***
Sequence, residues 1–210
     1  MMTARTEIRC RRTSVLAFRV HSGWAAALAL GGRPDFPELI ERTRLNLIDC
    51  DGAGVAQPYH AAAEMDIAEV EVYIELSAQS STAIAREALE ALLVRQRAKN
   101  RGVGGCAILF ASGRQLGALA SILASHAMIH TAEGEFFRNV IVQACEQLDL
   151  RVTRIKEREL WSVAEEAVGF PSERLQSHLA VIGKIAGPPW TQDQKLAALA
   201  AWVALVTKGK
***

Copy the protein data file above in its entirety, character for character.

Sequence, residues 1–210
     1  MMTARTEIRC RRTSVLAFRV HSGWAAALAL GGRPDFPELI ERTRLNLIDC
    51  DGAGVAQPYH AAAEMDIAEV EVYIELSAQS STAIAREALE ALLVRQRAKN
   101  RGVGGCAILF ASGRQLGALA SILASHAMIH TAEGEFFRNV IVQACEQLDL
   151  RVTRIKEREL WSVAEEAVGF PSERLQSHLA VIGKIAGPPW TQDQKLAALA
   201  AWVALVTKGK